Because yarrow has such a strong affinity to the blood and bleeding, it is an important female remedy. It works both ways, to staunch excessive bleeding and to break up stagnant blood. Yarrow is a menstrual regulator. It is useful for irregular menstruation, mental restlessness in menopausal women and inflammation of the ovaries.
Yarrow is indicated for bleeding hemorrhoids. Use a compress with an infusion or hydrosol of yarrow topically and the spagyric tincture internally.
Yarrow both dulls pain and heightens consciousness. In a similar manner, it causes bleeding, stops bleeding, and breaks up stagnant, coagulated blood. Paradox is common in herbal medicine.
It is a warrior remedy. Named after the immortal Greek warrior, with the exception of his weak spot on his ankle (the Achilles tendon), it gives us the strength to face our weakness. Yarrow goes to this spot and strengthens it, turning our weaknesses into strengths and talents.
This is also reflected in the myth of Chiron, the wounded healer. The union of paradox and the union of the feminine and the masculine. (venus: female reproductive system and kidneys , mars: blood, fever, immune system) The transmutation from the warrior into the healer.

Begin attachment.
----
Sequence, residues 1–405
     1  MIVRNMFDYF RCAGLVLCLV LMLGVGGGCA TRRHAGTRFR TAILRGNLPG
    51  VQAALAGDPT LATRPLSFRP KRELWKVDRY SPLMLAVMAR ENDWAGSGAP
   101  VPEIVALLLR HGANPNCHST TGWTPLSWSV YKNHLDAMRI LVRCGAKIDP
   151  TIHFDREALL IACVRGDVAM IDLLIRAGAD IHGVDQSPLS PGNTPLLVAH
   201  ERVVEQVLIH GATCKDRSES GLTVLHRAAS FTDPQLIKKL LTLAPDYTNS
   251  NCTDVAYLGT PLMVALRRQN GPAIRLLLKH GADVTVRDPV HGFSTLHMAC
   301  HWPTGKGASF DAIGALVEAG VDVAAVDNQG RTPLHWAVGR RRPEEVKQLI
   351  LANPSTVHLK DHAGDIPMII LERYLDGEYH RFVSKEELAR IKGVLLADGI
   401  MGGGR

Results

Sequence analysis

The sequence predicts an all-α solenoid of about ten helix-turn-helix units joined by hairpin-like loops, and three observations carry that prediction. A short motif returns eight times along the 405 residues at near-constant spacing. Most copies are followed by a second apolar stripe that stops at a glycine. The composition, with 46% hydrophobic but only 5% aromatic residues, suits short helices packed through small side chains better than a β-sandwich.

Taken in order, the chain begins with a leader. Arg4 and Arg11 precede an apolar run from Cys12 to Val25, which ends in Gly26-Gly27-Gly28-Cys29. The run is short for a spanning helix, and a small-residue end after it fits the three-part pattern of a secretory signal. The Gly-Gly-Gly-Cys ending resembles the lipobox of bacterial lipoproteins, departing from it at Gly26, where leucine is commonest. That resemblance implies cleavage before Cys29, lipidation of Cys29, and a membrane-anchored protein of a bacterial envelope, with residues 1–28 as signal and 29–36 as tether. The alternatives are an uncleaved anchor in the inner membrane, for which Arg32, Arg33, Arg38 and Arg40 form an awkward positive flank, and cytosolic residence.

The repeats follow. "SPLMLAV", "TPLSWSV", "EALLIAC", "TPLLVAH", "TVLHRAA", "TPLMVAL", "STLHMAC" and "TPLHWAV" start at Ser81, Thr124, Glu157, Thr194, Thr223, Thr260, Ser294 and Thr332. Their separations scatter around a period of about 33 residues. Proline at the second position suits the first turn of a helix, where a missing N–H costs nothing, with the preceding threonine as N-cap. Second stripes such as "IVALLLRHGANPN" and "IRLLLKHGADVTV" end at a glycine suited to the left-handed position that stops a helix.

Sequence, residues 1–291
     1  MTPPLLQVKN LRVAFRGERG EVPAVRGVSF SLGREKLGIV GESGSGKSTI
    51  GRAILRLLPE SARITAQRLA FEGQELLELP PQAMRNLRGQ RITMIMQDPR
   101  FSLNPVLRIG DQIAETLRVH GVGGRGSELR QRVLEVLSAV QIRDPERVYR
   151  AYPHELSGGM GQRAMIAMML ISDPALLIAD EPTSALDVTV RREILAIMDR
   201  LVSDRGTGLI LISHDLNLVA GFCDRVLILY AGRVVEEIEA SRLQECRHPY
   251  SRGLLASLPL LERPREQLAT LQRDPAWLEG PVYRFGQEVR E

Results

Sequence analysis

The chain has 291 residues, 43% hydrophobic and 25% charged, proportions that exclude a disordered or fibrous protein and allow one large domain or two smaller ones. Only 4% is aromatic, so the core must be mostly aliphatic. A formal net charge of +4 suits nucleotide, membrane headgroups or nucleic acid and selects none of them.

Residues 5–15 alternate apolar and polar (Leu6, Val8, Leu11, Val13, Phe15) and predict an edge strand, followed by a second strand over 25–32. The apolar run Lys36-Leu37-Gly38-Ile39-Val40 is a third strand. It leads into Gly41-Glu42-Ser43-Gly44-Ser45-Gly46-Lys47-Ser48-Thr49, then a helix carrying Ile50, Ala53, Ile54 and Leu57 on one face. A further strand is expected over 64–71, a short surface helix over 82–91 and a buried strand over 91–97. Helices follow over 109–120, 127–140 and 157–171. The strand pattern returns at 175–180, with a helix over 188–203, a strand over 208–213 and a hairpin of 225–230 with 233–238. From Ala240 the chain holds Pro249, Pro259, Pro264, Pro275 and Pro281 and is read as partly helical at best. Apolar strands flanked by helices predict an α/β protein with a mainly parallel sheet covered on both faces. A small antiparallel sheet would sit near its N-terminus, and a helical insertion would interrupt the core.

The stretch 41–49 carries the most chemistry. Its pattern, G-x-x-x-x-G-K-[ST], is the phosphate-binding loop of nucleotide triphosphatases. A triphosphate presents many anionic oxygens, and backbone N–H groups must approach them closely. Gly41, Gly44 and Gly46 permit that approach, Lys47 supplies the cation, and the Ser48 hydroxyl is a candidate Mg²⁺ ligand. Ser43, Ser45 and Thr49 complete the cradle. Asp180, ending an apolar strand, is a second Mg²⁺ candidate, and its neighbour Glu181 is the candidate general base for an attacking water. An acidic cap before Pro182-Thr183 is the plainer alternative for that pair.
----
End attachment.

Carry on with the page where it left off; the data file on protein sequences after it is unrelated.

The teaching of yarrow is that it is a healer of the sacred wound. It is the sacred wounds that heal us on a deeper level.
An astringent that tones the tissues but is used to relax the tissues. It is this paradox that is the magic that agrimony shares with many other medicinal plants.
States of stress such as spasms of the stomach, tension headaches, menstrual cramps where the person tries to hide it by pretending that everything is ok, “torturedly cheerful”
Pain in the spine, flu when you have pain in your joints.
Agrimony is also good for the kidneys and liver, poor digestion (indication: fat and undigested pieces of food in the poo), prevention of gall and kidney stones.
Incontinence, cystitis, urinary tract infection.
Agrimoy is superior for releasing tension and spasm, both on a physical and a psychological level. Agrimony is specifically indicated for those who try to hide their pain with a smile, behind a sophisticated and easy-going facade. Matthew Wood (The Earth Wise Herbal Vol 1) uses the phrase “torturedly cheerful” and it is very fitting.
Agrimony supports the connection between the brain and the other brain – the gut feeling, the enteric system. Agrimony is about strengthening the gut and is good for people who get pain in the belly out of concern and worry, around meals and eating or nervous, tense social situations. Pressing the emotions down into the gut.